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ACCT 370 Accounting Information Systems Course Guide

Course Description

An introduction to accounting information systems and their roles in the accounting environment. Systems covered include manual accounting, computerized accounting, and Internet electronic commerce applications. Emphasis is upon developing students' abilities to understand the processing of accounting data and the controls that are necessary to assure accuracy and reliability of the data processed by the accounting system.

Specific, Assessable Learning Outcomes

The student will be able to:
1. Complete the accounting cycle
2. Identify risks and evaluate controls in transaction cycles
3. Document business processes
4. Use accounting information systems to answer business questions

Recommended Teaching Methodology

Faculty teaching the course are expected to utilize a variety of teaching styles and evaluation mechanisms throughout the semester including but not limited to:
1. Interactive Lecture
2. Class Discussion
3. In-class computer activities including use of the computer for practice in the documentation of accounting information systems and using accounting software.

Course Outline

Overview of accounting information systems
Business processes
Traditional vs. integrated systems
Transaction cycles
Human resources/Payroll
Risks and Controls in Information Systems
Ethical considerations and the control environment
Enterprise Modeling
Conceptual Modeling
Value systems and value chains
Patterns in business models
Task level modeling
Using Accounting Information to Answer Business questions
Using QBE (query by example) in Access
Introduction to E-commerce

Syllabus Requirement Life Long Learning

In order to support our students’ development into Life-Long Learners, students will be encouraged to join the appropriate professional organization. For this course, students will be encouraged to join ISACA

Recommended Assessment Measures

1. Projects/cases, including an Internal Control project
2. Homework
3. Quizes/Examinations

Statement of Expectations

This course is a required course for all Accounting majors

The students will be expected to show an interest in the subject, the willingness to commit the necessary resources in terms of time and intellectual effort, and the willingness to actively participate in the skill development process.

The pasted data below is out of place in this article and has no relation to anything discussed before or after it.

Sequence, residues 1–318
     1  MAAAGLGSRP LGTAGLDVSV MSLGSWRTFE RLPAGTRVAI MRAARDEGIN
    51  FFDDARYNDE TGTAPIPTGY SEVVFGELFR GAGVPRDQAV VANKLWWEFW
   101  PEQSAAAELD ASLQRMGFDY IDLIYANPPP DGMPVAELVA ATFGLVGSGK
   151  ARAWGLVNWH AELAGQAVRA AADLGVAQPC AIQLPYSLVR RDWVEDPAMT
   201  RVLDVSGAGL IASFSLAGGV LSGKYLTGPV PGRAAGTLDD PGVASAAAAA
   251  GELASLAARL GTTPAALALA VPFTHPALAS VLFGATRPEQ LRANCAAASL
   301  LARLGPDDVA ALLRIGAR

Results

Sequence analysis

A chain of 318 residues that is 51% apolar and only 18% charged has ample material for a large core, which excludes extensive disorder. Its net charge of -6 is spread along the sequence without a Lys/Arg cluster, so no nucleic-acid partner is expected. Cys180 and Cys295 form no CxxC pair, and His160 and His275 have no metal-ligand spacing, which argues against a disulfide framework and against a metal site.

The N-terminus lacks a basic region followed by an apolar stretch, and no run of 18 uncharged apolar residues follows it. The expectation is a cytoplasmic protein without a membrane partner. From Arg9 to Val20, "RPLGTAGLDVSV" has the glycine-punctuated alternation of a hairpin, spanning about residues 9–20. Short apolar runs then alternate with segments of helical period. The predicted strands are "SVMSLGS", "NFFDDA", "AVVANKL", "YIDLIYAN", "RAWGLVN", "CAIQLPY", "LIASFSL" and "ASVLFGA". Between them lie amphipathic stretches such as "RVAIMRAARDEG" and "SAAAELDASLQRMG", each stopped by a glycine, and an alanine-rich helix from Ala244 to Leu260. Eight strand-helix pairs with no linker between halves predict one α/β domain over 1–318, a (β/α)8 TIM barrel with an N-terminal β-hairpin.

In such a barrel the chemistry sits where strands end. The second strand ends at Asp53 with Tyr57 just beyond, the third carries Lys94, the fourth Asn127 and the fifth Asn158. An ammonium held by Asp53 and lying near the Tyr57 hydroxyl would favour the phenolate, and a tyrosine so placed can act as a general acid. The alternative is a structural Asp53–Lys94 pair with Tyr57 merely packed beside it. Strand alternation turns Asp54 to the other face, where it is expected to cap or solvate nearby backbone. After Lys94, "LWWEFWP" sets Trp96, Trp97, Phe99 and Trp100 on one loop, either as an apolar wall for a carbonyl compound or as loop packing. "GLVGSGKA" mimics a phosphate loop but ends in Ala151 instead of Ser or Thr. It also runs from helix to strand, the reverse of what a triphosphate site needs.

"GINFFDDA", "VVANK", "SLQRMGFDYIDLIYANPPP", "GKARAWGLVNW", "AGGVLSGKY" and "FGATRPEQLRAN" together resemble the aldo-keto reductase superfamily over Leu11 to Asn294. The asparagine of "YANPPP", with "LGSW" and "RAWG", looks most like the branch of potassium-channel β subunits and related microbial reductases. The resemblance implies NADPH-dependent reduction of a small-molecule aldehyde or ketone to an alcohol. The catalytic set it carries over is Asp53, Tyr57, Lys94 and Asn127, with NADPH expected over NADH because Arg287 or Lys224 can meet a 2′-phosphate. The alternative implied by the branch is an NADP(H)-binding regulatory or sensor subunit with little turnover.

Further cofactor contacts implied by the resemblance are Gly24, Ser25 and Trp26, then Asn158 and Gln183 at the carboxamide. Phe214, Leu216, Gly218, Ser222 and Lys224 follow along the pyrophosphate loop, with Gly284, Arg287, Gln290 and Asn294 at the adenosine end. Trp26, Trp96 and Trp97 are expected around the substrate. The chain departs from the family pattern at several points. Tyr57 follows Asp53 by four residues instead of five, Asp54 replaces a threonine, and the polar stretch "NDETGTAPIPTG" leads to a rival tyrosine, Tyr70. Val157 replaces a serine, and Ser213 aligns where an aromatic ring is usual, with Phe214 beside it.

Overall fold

Most of the learning that will take place will not occur in the classroom. It will occur while working on the material outside of class – when reading, thinking critically, analyzing, and applying the concepts to real problems. The amount learned and the level of skill developed will be directly proportional to the amount of effort put forth in preparing for class.

The classes are opportunities to discuss and apply the material, to develop communication ability, and to create leadership skills. There are opportunities for the faculty member to provide insight, to help when appropriate, and to evaluate performance. Like any athletic or artistic endeavor, most of the knowledge acquisition and skill development takes place when practicing, not performing.

Prerequisite Knowledge

ACCT 300. Specifically, students must possess a intermediate level of understanding of accounting transactions and the accounting cycle including the construction of financial statements.

A student is expected to possess a working knowledge of Windows applications including spreadsheets, as well as the ability to use quantitative manipulation of information within a decision-making context.

Institutional Mechanism for Providing Feedback for Continuous Quality Improvement

The faculty teaching the course will meet at least annually to discuss their results.

CALCULATORS and Portable Electronic Devices

All personal electronic devices (including cell phones) must be stored during class.

The Accounting Department policy regarding programmable calculators requires students in ACCT 205 to bring a simple four-function calculator to use on exams rather than their TI-83s in order to reduce the likelihood of cheating.

What follows explains the steps that need to be followed to clear the entire memory on a TI-83 and a method of doing that prior to exams. This approach is equally acceptable to the requirement of a substitute calculator, i.e. faculty in the first two courses may choose to do either.

Here's how to run it on the TI-83 Plus (anything in brackets is a button on the calculator).

You hit [2nd],[+],[7], then scroll over to the right twice to get to the "ALL" menu.
Then hit [1], [2].

The calculator will respond by wiping itself clean, and a message pops up at the end of this routine that says "Mem cleared" (If the student runs the wrong routine, it pops up with "RAM cleared” and any archived information is still in calculator memory).